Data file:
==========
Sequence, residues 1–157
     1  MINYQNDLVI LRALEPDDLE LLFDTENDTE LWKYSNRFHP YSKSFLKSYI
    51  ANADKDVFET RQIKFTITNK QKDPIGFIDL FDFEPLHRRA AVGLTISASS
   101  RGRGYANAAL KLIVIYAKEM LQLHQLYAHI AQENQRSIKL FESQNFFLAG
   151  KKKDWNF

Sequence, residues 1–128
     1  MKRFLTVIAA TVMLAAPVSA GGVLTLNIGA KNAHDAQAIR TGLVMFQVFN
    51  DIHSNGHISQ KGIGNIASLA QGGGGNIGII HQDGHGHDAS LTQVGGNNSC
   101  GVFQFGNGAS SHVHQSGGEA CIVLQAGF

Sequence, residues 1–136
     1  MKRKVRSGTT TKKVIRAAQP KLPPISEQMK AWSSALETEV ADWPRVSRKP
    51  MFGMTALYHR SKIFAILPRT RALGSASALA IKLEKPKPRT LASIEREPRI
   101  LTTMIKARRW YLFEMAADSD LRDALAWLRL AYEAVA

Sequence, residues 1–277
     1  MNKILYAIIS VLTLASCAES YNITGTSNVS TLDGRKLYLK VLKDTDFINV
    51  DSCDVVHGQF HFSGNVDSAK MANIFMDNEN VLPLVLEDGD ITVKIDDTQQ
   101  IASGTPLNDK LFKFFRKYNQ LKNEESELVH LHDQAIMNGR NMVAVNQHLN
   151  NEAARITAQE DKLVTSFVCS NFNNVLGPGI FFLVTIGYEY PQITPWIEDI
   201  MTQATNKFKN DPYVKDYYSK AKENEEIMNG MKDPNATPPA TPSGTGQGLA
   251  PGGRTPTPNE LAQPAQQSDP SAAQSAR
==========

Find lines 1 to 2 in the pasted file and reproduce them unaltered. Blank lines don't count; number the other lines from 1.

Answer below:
Sequence, residues 1–157
     1  MINYQNDLVI LRALEPDDLE LLFDTENDTE LWKYSNRFHP YSKSFLKSYI